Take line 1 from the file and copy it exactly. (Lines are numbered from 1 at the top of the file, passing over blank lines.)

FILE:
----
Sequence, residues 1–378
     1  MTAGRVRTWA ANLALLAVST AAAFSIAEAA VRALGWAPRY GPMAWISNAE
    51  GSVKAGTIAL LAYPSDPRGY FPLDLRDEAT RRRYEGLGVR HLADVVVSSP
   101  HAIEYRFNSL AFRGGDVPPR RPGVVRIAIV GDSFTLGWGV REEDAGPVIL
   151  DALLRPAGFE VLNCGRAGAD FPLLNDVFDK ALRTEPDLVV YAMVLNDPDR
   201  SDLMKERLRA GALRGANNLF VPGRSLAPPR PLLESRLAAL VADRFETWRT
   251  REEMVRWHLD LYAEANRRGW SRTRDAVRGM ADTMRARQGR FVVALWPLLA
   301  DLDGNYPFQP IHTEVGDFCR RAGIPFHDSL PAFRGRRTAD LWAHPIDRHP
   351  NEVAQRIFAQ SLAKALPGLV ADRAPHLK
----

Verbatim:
Sequence, residues 1–378